Network Device Virtualization (Cont. ) § Router Virtualization: – Data Plane - Virtual Routing/Forwarding Network Device Virtualization (Cont. ) § Router Virtualization: – Data Plane - Virtual Routing/Forwarding (VRFs) – Control Plane – Multiple instances of routing protocols (OSPF, EIGRP, etc) per routed plane. 802. 1 q, GRE, LSP, Physical Int, Others 802. 1 q or Others VRF Global Presentation_ID © 2007 Cisco Systems, Inc. All rights reserved. Cisco Confidential 7

Data Path Virtualization § Tags: Single Hop Data Path Virtualization 802. 1 q Tags Data Path Virtualization § Tags: Single Hop Data Path Virtualization 802. 1 q Tags Multi-Hop Data Path Virtualization © 2007 Cisco Systems, Inc. All rights reserved. Tags § Tunnels (connection oriented) GRE/m. GRE Label Switched Paths—LSP (MPLS) IP Presentation_ID 802. 1 q Cisco Confidential 8

Putting it Together Presentation_ID © 2007 Cisco Systems, Inc. All rights reserved. Cisco Confidential Putting it Together Presentation_ID © 2007 Cisco Systems, Inc. All rights reserved. Cisco Confidential 9

Agenda § Background/Overview § Network Virtualization Techniques § Network Access Control § Securing the Agenda § Background/Overview § Network Virtualization Techniques § Network Access Control § Securing the Wild, West § Q&A Presentation_ID © 2007 Cisco Systems, Inc. All rights reserved. Cisco Confidential 10

Network Access Control (NAC) § NAC can mean different things to different people, but Network Access Control (NAC) § NAC can mean different things to different people, but for the purposes of this presentation, it should provide three important functions: – User/Host Authentication – The network should be able to authenticate the user (or at least the host) onto the network. – Host Posture Verification – The ability to make sure that the host posture (virus definitions, patches, firewalls, etc. ) match the policy of the network for which it is destined. – Host Remediation – The placement of the host into the correct network § NAC provides that connection between Network Security and Host Security Presentation_ID © 2007 Cisco Systems, Inc. All rights reserved. Cisco Confidential 11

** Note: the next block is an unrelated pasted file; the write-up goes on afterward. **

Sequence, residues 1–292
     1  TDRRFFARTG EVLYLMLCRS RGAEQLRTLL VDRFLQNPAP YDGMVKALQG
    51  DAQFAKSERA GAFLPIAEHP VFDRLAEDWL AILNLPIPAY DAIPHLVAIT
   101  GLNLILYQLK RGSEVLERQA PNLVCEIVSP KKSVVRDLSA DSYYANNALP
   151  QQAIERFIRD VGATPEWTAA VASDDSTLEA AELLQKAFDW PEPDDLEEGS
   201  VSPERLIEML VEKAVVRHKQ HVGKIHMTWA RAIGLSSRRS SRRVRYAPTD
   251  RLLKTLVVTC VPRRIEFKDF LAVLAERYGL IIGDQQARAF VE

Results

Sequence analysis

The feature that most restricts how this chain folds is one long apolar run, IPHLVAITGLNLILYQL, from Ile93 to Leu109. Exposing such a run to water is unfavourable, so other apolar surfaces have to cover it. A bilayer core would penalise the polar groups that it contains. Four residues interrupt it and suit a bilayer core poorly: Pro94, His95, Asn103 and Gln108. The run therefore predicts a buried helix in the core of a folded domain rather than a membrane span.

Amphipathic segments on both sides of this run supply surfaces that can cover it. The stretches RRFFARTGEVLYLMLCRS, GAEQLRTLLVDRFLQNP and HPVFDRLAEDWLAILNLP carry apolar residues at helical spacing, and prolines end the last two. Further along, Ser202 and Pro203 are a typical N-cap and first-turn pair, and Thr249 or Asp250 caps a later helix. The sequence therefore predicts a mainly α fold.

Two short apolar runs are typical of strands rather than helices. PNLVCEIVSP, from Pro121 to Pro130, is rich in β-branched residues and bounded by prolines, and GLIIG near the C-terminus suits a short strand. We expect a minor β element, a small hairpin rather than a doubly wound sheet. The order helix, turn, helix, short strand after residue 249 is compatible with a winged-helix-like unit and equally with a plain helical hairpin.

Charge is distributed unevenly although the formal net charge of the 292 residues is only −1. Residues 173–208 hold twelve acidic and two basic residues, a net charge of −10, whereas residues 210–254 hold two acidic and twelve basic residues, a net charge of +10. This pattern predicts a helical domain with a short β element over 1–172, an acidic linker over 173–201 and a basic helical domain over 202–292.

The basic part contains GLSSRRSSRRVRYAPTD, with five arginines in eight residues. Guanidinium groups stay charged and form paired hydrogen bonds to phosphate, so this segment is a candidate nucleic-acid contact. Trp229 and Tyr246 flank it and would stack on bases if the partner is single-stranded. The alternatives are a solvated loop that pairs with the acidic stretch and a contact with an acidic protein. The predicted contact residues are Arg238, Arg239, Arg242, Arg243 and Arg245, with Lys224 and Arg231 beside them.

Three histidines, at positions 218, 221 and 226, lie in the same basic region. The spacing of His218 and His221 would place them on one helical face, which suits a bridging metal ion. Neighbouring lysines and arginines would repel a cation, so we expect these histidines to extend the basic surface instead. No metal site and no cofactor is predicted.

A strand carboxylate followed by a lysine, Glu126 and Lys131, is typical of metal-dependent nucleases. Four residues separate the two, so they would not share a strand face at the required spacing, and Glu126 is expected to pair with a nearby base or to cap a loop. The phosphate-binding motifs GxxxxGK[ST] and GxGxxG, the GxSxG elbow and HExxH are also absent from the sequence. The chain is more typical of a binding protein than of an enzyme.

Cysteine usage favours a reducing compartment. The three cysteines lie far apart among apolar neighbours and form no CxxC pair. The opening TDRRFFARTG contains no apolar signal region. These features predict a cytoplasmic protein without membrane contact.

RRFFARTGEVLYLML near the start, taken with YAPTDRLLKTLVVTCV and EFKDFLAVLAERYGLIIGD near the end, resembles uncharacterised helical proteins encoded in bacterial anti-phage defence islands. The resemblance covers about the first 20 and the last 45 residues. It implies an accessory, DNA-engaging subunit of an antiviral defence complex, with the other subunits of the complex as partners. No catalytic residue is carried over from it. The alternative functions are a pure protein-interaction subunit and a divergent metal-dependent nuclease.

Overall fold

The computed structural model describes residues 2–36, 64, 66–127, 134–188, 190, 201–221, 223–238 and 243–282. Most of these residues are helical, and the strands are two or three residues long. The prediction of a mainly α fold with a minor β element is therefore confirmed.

Network Access Control (NAC) (Cont. ) First, establish ACCESS POLICIES. Then: Authenticate & Authorize Network Access Control (NAC) (Cont. ) First, establish ACCESS POLICIES. Then: Authenticate & Authorize Quarantine & Enforce § Enforces authorization policies and privileges § Isolate non-compliant devices from rest of network § Supports multiple user roles § MAC and IP-based quarantine effective at a per-user level Scan & Evaluate § Agent scan for required versions of hotfixes, AV, etc § Network scan for virus and worm infections and port vulnerabilities Update & Remediate § Network-based tools for vulnerability and threat remediation § Help-desk integration LIMITED COMPLIANCE = LIMITED NETWORK ACCESS Presentation_ID © 2007 Cisco Systems, Inc. All rights reserved. Cisco Confidential 12